The next person I approached was an old friend of my wife's. I suppose we'd always liked each other, but she'd been in a string of unhealthy relationships with jealous, controlling men and I'd been dating my (then) girlfriend. We'd flirted from time to time, and kissed once, and since she was currently single, I invited her over for drinks once a week or so. By that point, we'd known each other for a few years, and she used to joke about watching my wife and me have sex, so I was pretty confident I wouldn't offend her, but we still moved from flirting to cuddling before I started discussing the subject in earnest.

It might have taken us a while longer to get to the point, but one morning, I woke up to a notification. Someone had sent me a friend request on a fetish site. Turned out to be her. She was looking for a FWB, but wasn't interested in one night stands. I asked if she'd considered me, she answered that my wife and I were her closest friends and that she'd be afraid of ruining that.

When I told my wife, she wasn't exactly thrilled. She, too, was afraid that us having sex would jeopardize the friendship, and advised me to look for someone else but, again, said that she wouldn't stop me. She also cautioned me that she didn't trust the other girl not to hurt my feelings.

At that point, I considered the experiment over. You can't do something like this without everyone being 100% on board. To be honest, I was a little hurt that our friend didn't consider sex with me worth the emotional risk, but, well, that was my dumb ego and my problem to deal with. I was pretty down the first night, and got into a fight with my wife because she, in turn, felt offended by me taking it so hard. But we got over it.

A week or two later, our friend was visiting again. We had some wine, played board games and had a great time in general. At one point our friend ended up on my lap, making out with me, and texted me whether it would be okay if we retreated to the guest bedroom. I wasn't going to just sneak off, so I asked my wife. She wasn't comfortable with being left behind while her husband had sex in the same house. We talked for quite a while, first just the girls, then all three of us, discussed all of our needs, insecurities and limits and finally agreed that we really wanted to have a threesome. I "announced" an explicit rule that anyone, for any reason, could say "stop" and we'd end it there before we went to the bedroom.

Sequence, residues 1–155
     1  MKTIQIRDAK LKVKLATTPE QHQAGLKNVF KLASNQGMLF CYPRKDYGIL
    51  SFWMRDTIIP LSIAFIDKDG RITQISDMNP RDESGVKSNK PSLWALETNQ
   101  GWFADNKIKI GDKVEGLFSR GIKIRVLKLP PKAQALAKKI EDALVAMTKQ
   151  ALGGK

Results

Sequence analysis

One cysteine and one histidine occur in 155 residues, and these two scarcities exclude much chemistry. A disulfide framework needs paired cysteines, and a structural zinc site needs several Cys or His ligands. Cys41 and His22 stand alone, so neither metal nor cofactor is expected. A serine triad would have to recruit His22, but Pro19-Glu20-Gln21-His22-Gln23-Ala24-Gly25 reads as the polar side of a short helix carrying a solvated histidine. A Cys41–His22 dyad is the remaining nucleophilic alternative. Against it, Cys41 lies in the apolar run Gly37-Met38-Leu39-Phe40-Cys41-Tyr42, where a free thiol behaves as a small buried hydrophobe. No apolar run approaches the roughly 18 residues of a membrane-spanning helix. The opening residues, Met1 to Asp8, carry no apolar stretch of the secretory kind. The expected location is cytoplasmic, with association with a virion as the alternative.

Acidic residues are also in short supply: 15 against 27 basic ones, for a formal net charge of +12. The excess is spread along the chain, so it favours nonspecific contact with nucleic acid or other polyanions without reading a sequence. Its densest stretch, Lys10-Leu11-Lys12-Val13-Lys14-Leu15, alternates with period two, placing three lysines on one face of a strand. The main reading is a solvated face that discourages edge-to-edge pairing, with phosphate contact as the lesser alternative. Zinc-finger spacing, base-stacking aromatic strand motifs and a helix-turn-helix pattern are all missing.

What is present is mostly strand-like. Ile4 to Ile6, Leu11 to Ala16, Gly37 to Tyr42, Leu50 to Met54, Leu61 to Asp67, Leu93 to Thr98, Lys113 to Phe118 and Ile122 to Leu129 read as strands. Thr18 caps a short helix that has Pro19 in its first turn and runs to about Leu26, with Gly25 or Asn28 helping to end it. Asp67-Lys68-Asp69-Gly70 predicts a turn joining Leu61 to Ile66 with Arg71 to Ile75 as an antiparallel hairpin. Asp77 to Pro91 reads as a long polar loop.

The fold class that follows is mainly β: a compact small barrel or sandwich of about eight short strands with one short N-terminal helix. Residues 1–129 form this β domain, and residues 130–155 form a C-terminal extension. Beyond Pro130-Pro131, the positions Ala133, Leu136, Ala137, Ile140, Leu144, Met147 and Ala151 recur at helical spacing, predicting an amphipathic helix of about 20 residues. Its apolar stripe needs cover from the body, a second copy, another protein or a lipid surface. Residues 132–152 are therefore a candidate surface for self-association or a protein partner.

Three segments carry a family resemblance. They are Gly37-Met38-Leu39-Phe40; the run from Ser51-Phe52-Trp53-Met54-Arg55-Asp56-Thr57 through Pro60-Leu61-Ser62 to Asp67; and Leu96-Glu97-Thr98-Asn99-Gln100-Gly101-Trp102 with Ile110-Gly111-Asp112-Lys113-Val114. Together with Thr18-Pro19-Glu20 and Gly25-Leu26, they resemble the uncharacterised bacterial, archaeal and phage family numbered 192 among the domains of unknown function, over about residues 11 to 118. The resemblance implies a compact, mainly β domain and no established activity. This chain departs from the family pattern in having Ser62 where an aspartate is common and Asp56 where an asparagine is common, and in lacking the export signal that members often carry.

I'll end the story here. There was a lot of aftercare and assurances that the sex wouldn't change our friendship and, in the end, that proved to be true. These days, we still have casual sex from time to time, but it's mostly me and the friend, since she really prefers men. We took a while to get there, and it was an emotional rollercoaster at times, but worth it, if you're patient.


I would like to add a little biological perspective to this question. You have stated that your girlfriend does not want you to engage in romantic relationship. The problem with sex is that it generates oxytocin. Mainly in female body and that leads to attachment. It is well possible that she can curb the effects, but for most people it is hard to not develop any emotional bonding and ending up at the trouble as described by Rainbacon. Maybe not immediately, but long term I don't think it is stable.

So probably the best solution would be to search outside the immediate social circle and not prolong the casual relationship.